“This morning I received an unsolicited text message from Deputy Chief Gibson of the Nantucket Police Department,” Tornovish said. “It is my belief this text message was designed to be threatening in nature. This text, although poorly written, conveyed a message about my having commented on ‘something you know nothing about.’ Although not explicitly stated in the deputy chief’s text, I surmise that this unsettling communication was about my public opposition to the selection process for the fire chief position. In case anyone was wondering, I chose not to be intimidated. It is disturbing that someone in a position of such significant authority would take this overt action to try to deny me my first amendment rights.”

Davis, who joined NFD last June only to resign a year later, said his decision was due partly because he was taking too much time away from his family, but also because “the morale was really low” in the department.

“I just want you to be aware of what’s happening,” Davis said. “The morale is down, and you can have all the brand new equipment and shiny stuff in the world, but people are going to walk out of that shiny door, and then our loved ones are not going to be cared for...That guy right there (Mitchell) deserves to be where he should be.”

Town manager Libby Gibson read a prepared statement on the hiring process into the record in which she remarked on the heated rhetoric surrounding the fire chief search.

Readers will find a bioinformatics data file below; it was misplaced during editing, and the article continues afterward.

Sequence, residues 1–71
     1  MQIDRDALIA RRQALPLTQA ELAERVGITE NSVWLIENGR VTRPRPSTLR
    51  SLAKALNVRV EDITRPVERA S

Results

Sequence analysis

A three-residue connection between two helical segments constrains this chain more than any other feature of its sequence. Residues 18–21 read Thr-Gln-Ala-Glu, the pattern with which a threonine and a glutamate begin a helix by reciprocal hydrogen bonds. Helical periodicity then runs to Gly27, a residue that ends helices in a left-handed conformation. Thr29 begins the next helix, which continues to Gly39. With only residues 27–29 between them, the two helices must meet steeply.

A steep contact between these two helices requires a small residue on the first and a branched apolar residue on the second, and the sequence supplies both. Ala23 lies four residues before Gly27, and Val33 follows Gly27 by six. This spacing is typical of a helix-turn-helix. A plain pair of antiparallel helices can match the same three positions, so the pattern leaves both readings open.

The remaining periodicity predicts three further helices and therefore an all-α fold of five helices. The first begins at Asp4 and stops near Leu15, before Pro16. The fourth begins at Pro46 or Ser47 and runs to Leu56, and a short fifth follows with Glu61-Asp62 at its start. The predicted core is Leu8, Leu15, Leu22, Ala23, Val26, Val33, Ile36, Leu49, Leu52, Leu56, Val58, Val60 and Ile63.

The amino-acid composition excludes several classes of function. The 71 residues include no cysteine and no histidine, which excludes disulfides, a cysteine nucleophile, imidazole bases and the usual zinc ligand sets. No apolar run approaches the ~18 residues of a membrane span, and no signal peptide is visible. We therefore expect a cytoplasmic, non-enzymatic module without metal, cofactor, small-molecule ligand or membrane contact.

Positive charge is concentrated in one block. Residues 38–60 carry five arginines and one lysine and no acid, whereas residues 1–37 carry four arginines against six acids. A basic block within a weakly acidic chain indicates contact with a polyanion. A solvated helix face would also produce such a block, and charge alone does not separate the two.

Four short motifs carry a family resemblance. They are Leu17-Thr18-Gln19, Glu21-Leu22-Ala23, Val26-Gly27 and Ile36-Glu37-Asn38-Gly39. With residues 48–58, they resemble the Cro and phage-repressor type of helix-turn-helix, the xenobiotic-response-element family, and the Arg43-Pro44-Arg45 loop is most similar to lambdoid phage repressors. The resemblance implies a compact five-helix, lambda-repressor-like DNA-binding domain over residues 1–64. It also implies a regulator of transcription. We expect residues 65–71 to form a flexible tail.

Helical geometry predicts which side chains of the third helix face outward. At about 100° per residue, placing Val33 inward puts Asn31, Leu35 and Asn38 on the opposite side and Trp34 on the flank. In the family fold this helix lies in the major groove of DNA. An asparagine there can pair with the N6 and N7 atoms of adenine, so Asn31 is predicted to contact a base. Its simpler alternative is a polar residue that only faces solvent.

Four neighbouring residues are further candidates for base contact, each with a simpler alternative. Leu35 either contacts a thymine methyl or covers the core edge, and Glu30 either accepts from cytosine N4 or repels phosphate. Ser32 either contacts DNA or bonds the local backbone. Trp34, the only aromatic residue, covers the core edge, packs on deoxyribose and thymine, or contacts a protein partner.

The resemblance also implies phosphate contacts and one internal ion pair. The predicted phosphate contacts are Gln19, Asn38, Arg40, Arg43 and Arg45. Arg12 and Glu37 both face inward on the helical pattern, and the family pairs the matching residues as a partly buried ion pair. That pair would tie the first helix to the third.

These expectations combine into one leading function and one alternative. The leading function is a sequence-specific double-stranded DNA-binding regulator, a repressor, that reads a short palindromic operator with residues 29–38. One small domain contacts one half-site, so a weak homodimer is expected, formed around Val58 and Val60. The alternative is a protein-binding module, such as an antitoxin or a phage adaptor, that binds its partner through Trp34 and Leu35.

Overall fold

“Unfortunately, the divisive and mean-spirited tone that has dominated national political conversation in recent years has finally made it to the shores of Nantucket,” Gibson said. “It has overshadowed the value and importance of the hiring process and promoted a non-productive and misleading narrative. I’d like to believe Nantucket is better than this. It is imperative that we all work together amicably and cooperatively for the common good of our community. I am confident that we can move beyond the misinformation and once again engage in productive dialogue.”

The meeting swung back and forth from the topic of the fire chief search and Cranson’s contract, to more broader issues involving the Nantucket Fire Department, including the respect – or lack thereof – it receives from the town administration, staffing levels, equipment concerns, and compensation.

Ayesha Barber, the wife of Nantucket Fire Department Capt. Nate Barber, also spoke out during the meeting. She asked the room what are the lessons the island is learning after the Veranda House fire, and reiterated the concerns regarding staffing levels and equipment.

“I worry constantly about my husband and what happens if I become a widow because of understaffing,” Barber said. “What happens if one of my friends becomes a widow and our children don’t have fathers or mothers because we just don’t have housing for staff, money or whatever it is. I don’t mean this at you, I am just saying how can we learn from this and what can we do because it is very scary.”

Select Board member Matt Fee said he had tried to separate the online petitioin to have Mitchell named as fire chief, from what he knew about how the search process was conducted, as well as the broader topics raised by Barber and others.

“Libby can’t manage, and we can’t manage by Facebook likes, etc.” Fee said. “I think equating this to Sean Mitchell -who is a great guy - and equating this one as another, they are two separate things. In other hires that I have been involved in we say ‘oh we can get two people instead of one.’ We are getting two in this hire. Some of the scary things to me were the last comments from Ayesha and those are the things we need to come together as a community on with the new chief and current crew.”